Anyone can learn how to chop samples in the Reason DAW. There are at least four different ways to chop samples in Reason, and each of them has their own pros and cons.
Note – this post may contain affiliate links, which means that I receive a commission if you purchase through them, nonetheless, this did not affect which products I recommend.
Update (2/2/18): These days I’m pretty much exclusively using Serrato Sample (affiliate link) to chop samples. It is like the future of sampling. It makes chopping so fast and easy! Much better than any of the methods described below, but it costs $99.
You can use the sequencer, Kong, Dr. OctoRex, NN19 or the NN-XT. This article will tell you how to chop hip hop vocals in Reason and explore when you may want to use each of the devices.
And if you’re looking for a good source of vocal samples to chop, I’d recommend Loopmasters (affiliate link). I get most of my samples...
Last week I showed you an ultra-detailed tutorial about all the cool ways that you can trigger sidechain compression in Propellerhead Software’s Reason (affiliate link). Now that you know how to use sidechain compression though, I want to help you think about some creative ways that you can use it to further your sounds.
This guide includes a lot of really cool, unique sidechain compression effects. These techniques should work in most versions of Reason.
You’ll learn how to:
Now without further ado, here’s an in-depth exploration of all the cool things that you can do in Reason with sidechain compression.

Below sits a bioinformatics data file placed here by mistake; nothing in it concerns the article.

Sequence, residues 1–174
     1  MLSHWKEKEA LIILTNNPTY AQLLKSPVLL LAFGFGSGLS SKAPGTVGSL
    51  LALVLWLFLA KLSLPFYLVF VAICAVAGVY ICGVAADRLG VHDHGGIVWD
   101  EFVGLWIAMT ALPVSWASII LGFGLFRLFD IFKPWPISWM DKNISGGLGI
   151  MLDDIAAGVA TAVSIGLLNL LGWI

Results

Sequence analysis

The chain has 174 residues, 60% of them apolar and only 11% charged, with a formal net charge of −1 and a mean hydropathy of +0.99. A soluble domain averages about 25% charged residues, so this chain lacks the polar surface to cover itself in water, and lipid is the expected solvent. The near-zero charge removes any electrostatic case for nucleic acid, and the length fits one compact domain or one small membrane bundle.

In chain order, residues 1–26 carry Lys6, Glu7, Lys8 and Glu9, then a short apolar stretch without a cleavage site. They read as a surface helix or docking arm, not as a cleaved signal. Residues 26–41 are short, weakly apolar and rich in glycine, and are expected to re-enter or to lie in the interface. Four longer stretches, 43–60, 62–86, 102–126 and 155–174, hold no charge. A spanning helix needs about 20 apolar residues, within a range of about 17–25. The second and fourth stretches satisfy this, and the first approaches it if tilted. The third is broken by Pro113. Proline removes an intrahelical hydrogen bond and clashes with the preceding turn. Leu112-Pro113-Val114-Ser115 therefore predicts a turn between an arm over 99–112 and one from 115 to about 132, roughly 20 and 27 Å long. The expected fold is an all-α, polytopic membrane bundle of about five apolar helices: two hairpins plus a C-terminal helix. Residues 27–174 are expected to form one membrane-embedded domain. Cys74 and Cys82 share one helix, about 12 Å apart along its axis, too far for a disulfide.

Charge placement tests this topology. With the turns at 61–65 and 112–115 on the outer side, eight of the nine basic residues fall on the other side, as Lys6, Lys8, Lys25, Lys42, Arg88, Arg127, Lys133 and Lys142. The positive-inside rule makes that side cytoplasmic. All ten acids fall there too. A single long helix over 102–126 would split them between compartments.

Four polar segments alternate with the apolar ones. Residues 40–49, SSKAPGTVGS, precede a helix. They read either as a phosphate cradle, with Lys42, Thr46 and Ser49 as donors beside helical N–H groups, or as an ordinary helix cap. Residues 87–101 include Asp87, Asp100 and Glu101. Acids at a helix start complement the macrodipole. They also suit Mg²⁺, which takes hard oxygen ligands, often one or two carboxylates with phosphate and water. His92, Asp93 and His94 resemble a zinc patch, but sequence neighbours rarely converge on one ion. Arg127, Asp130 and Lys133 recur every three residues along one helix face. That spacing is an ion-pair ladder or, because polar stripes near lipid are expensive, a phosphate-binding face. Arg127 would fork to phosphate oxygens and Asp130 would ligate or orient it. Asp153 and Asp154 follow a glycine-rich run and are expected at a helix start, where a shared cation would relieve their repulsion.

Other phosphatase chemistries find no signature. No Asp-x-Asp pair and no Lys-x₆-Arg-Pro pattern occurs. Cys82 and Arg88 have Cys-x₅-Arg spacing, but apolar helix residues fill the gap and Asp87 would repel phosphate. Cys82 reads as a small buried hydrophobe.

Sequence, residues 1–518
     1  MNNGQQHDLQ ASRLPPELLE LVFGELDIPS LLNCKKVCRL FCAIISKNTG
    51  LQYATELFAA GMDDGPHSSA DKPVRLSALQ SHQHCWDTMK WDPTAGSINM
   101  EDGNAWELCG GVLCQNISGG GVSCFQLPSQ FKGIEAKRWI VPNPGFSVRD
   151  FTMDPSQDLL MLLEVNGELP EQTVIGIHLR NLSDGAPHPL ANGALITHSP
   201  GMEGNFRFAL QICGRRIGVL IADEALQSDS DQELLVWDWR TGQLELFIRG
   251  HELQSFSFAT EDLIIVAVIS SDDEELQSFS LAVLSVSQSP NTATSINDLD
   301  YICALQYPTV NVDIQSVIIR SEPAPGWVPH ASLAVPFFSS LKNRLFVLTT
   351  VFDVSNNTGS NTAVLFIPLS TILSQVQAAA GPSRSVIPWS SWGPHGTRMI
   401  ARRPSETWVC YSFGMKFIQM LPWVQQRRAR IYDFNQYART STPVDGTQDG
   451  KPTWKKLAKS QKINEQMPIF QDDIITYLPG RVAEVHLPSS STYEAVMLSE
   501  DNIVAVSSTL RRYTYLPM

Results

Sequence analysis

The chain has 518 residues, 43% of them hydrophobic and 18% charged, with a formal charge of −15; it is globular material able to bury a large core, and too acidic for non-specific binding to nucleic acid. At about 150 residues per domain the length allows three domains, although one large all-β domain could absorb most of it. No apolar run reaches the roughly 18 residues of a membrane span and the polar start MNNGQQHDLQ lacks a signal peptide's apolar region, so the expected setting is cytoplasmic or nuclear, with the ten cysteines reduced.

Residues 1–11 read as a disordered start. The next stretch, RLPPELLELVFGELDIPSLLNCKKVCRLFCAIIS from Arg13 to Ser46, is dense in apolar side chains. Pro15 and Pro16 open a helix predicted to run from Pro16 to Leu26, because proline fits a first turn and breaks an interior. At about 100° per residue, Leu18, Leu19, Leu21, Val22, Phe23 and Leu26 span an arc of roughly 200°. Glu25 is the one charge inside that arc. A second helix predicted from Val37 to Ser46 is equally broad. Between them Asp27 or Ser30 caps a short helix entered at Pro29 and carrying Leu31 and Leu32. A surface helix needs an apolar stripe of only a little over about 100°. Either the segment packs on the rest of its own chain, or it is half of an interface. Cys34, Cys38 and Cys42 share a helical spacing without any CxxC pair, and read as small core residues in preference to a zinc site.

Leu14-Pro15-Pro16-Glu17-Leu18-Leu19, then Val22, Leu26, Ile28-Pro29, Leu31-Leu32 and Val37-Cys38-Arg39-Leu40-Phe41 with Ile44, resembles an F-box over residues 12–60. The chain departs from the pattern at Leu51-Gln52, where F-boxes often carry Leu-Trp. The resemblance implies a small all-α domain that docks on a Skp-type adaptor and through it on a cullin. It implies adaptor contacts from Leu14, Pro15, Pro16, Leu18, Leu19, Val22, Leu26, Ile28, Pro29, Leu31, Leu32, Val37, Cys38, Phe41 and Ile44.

Did I miss any? What creative ways do you use sidechain compression in Reason?
Whether you’re new to Reason or an Expert, this you’ll find this Reason tutorial on how to use sidechain compression in Reason useful. I’ve been using Propellerhead’s Reason DAW (affiliate link) for about 15 years now, and I’m going to share all of the secrets to unlocking Reason’s incredible sidechain options.
Be sure to check out this in-depth tutorial on all sorts of cool, crazy ways to use sidechain compression for cool effects!
This Reason tutorial is going to start simple, explaining what sidechain compression is and offering simple examples. You can skip directly to whatever section you might find useful.
If you don’t already know how to use send fx in Reason, then this is the tutorial for you. But even if you’ve been using send fx in Reason for a long time, I guarantee I’ve got a better way of doing things.
This simple method involves creating mix channels for you send fx, and then bussing them to a send effects buss. You get tons of instant flexibility around eq, compression, ducking, stereo width, phase and volume, plus it can be much easier to manage.
I’ve mad this video on how to use send fx in Reason, for those of you that are visual learners.
So without further ado, let’s get into it.
Now, I’ll be the first to admit that the whole set up is rather cumbersome and takes a few minutes to get ready. That’s why this routing is part of my default template that I load into every song.
You can download it for free here.
Reason allows a total of 8 send fx, so you’ll want to create 8 mix...
This is a quick and dirty guide on how to make a hip hop beat in Reason (affiliate link). If you’ve never made a beat before, don’t worry, I’ll walk you through how to make a hip hop beat in Reason easily.
If you’ve made beats before, I think there’s some tips here that will help take your hip hop beats to the next level. I’m going to show you how to tighten up your beats, and how to mix them so they full of punch and bang.
Before you start recording and mixing, though, you’ll need to know what type of beat you want.
One of my favorite techniques is to simply listen to loops or songs you like. Here’s a list of some of the best places for free loops and samples! Once you’ve found a beat you like, deconstruct it and add your own spin to!
After you have deconstructed enough beats, you’ll start...